The foremost job is to reform the system that creates incentives to harass the taxpayers
In general, the tyranny of status quo has been the hallmark of economic policies in India, and this is amply exemplified in tax administration more than in any other case. Much has been written on the issue, including the four-volume report of the Tax Administration Reforms Commission which, in all fairness, needs to be discussed and implemented not merely to enhance revenue productivity of the tax system, but also to improve taxpayer satisfaction and services. Unfortunately, like many other reports, this is also likely to gather dust. In many ways, the reform of tax administration is more fundamental than even the introduction of GST, but there has been very little action or even discussion on the issue. Even though the present finance minister has spoken about the need to root out “tax terrorism” on a number of occasions, he has done precious little to reform the system that creates an intimidating incentive structure forcing tax collectors to go after taxpayers even when they are sure that their demands may not be reasonable and stand the scrutiny of law. A closer analysis shows that the problem lies in the system that creates the structure of incentives and it would be unfair to place the blame entirely on the doorstep of the tax officials for this outcome.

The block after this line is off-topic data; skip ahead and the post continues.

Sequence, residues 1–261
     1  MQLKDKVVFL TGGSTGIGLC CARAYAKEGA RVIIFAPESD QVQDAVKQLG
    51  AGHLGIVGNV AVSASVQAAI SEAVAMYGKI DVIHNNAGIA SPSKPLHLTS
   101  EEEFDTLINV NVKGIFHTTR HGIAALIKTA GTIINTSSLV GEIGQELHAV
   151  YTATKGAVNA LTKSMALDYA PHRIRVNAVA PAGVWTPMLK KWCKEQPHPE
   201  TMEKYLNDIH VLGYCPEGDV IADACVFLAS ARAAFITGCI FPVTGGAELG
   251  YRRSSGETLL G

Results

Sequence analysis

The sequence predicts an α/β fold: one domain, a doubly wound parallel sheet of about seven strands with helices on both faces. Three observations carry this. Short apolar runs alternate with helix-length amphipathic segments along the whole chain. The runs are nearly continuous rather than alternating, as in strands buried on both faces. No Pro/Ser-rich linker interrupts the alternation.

There are many issues relating to tax administration that need immediate attention. In this column, I intend to discuss a small issue relating to why, in India, we hear so much about unreasonable demands by tax administration, enormous amount of arrears piled up in tax disputes and retrospective amendments to tax law when it does not stand to judicial scrutiny? We have had the much discussed cases of tax demands on Vodafone and the retrospective amendment to the Income Tax Act (when the Supreme Court judgement reversed the judgement of the Bombay High Court on the taxability of offshore sale of shares of a Cayman Island Company by Hutchinson group to the Vodafone group). There are also cases relating to Nokia and Shell which have made headlines. More recently, we have seen the controversy surrounding the retrospective application of MAT on foreign institutional investors. On the latter, even the finance minister seemed to have backed the demand of the department, purely on revenue considerations based on the presumption that the move would generate an additional Rs 40,000 crore. Though, later, he found to his dismay that the tax could not be applied in cases where there is a tax treaty and ultimately, the amount to be gained was less than R500 crore. The loss of trust with the government was enormous. Thankfully, the exit route has been provided by the Shah Commission, but the loss of credibility has been significant.